Despite their poor performance on development indicators, the study discovered relative absence of any focused engagement with marginalised Muslims amongst the mainstream development agencies. The section on leadership development among Muslim women and their empowerment is particularly interesting and refreshing. The narratives portray Muslim women as not just silent victims in the existing community/religion legitimated patriarchies but as active agents who struggle, negotiate and act not only on health, education and land rights, but also on feminist subjects such as domestic violence, personal laws, etc. There are narratives of women activists who overcame barriers of identity and patriarchy, while there are others who would strategically deploy them to achieve development goals. Based on reports collated from the field, the book breaks persistent stereotypes as it notices the desire among Muslims to seek modern education, both for boys and for girls. The findings also noticed a generational shift in the NGO leadership with younger people increasingly taking the initiative. Evidently, the new generation introduced new idiom as they challenged the silences on questions of identity, caste hierarchies and gender inequality.

The restraint among mainstream NGOs as well as donor agencies to accept Muslims as a “target group” prompts Naqvi to make a strong case for sectoral portfolios and committed funding for developmental work amongst them. In addition, a focus on “real needs” and an enabling role on the part of mainstream NGOs is suggested. A rights-based approach coupled with policy advocacy is what she would expect from the NGOs emerging from the community. Most interesting is Naqvi’s discomfort with the term minority which, arguably, overshadows all discussions on Muslims. In the process, the specific needs of different religious groups as well as linguistic minorities are overlooked.

Rethinking Development?

The book, however, breaks no fresh ground in terms of development thinking, or in adopting a broader understanding of agencies involved in development activism. A pronouncedly liberal–modernist framework colours the choice of indicators as well as selection of organisations. Consequently, despite its awareness of the development activism of faith-based organisations (FBOs), the project chose to omit them (barring a few exceptions) from its purview. Amongst the reasons cited for the exclusion of FBOs are those that reflect the ideological inhibitions and predispositions of the researchers. The FBOs, it is stated, are “unlikely to engage in transformational social agendas,” and their contribution, the researchers apprehended, would “remain restricted to service delivery,” leading to the promotion of a “self-defined, religious agenda” (p 46). A field-based research that begins with such preconceived notions not only compromises on objectivity, but also leaves untouched a whole area of faith-based development activism: their motivations and inspirations, the issues that they undertake, the shifts in objectives, the organisation pattern, and their idea of development.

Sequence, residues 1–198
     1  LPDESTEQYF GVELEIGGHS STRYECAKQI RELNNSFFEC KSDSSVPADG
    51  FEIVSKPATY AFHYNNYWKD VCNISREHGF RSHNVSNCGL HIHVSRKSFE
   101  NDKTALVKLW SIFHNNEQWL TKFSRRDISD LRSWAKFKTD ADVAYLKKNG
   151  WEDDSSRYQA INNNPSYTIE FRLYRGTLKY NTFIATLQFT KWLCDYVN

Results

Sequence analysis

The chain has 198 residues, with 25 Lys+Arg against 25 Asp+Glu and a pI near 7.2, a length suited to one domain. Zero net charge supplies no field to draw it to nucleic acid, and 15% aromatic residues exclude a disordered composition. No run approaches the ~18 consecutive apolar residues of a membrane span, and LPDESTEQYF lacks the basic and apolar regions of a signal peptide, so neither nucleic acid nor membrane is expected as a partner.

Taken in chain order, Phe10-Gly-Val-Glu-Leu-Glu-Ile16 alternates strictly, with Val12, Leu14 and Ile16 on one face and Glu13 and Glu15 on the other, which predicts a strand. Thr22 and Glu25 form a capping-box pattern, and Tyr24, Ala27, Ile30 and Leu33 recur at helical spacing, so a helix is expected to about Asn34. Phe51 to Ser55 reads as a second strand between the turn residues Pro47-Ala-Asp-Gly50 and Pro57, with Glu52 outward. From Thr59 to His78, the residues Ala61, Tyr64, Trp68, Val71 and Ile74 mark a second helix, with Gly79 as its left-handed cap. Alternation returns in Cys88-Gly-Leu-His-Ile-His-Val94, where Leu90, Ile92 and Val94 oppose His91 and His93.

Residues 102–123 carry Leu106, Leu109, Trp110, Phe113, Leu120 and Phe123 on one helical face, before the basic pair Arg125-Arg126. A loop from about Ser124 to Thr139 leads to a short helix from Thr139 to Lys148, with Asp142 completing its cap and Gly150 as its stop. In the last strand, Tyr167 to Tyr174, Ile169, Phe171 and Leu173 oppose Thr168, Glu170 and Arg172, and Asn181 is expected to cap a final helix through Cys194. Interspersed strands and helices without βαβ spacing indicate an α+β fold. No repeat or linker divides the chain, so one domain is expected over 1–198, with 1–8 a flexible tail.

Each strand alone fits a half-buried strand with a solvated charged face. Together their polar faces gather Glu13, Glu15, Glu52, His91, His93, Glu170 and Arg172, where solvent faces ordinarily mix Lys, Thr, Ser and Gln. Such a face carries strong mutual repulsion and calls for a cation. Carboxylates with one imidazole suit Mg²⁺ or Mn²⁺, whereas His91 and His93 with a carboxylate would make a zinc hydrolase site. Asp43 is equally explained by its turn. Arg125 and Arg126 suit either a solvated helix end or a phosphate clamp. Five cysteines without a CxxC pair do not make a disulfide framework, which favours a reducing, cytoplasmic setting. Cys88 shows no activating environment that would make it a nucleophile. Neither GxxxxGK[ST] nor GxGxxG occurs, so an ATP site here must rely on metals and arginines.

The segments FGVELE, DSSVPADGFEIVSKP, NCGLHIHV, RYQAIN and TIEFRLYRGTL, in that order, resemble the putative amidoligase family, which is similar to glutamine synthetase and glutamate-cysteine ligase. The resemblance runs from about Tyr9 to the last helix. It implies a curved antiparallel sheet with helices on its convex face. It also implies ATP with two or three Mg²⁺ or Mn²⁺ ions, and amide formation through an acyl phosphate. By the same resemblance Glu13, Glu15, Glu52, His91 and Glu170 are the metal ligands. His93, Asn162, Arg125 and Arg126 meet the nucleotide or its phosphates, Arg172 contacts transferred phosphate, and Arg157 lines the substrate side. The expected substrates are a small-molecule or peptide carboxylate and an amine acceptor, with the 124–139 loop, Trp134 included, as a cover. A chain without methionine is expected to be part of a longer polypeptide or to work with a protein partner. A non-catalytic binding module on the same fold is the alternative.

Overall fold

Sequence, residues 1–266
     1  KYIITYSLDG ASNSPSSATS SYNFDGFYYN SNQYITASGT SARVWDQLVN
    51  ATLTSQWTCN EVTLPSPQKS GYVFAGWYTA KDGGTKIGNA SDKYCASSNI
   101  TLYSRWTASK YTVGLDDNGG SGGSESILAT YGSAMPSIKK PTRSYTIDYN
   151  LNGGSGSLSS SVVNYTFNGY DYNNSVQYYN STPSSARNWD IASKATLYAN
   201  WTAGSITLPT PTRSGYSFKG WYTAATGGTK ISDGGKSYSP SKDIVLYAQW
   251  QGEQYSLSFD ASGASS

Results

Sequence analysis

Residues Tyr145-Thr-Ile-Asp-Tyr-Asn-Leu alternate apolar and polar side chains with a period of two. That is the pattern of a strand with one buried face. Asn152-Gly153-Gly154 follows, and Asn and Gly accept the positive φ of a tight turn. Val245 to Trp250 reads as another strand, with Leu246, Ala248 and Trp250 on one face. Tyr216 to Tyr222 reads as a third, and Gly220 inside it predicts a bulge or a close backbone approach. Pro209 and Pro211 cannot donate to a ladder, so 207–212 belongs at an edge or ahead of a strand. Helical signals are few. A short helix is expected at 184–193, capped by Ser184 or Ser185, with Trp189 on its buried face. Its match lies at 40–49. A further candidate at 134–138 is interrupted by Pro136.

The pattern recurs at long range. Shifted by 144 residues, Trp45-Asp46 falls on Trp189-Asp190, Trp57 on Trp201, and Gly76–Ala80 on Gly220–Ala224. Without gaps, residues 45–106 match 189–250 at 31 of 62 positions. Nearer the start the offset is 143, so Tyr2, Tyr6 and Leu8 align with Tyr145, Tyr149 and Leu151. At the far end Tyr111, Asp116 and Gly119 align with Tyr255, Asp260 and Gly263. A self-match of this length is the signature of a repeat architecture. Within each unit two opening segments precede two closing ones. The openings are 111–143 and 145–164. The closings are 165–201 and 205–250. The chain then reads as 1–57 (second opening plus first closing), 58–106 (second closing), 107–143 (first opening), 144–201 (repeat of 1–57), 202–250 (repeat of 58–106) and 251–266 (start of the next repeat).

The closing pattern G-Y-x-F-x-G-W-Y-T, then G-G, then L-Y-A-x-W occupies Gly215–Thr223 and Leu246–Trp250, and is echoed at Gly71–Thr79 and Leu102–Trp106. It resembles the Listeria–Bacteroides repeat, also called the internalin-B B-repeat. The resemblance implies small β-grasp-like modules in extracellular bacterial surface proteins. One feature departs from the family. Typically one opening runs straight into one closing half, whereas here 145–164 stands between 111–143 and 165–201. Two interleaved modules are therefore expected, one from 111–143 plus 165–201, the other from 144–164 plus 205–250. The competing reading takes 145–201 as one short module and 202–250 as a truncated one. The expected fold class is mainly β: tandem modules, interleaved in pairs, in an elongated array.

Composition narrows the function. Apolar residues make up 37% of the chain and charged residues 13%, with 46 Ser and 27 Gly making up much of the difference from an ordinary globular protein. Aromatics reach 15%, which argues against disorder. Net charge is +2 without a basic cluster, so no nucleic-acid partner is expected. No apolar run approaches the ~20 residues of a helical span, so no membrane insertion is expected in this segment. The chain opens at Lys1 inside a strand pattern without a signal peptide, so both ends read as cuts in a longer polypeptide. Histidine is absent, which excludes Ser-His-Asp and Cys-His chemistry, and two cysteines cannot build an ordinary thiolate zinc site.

Likewise, targeted violence is a subject that touches the core of minority experience in India. There are certain regions, states and towns that are more prone to anti-Muslim violence than others. Not only is violence a dampener in human efforts to progress from existing drudgery, occasionally it is a manifestation of poor or lopsided development. As the data suggests, many NGOs felt the need to work among Muslims, and many Muslims took to social activism following anti-minority violence. The overview essay makes a special reference to this. The strictly materialist frame adopted by the survey leaves questions of justice, peace and rehabilitation unattended. How do the development imperatives play out for those living in conflict situations? How do questions of reconciliation and justice become central to the development question? These are important questions that this research exercise leaves out.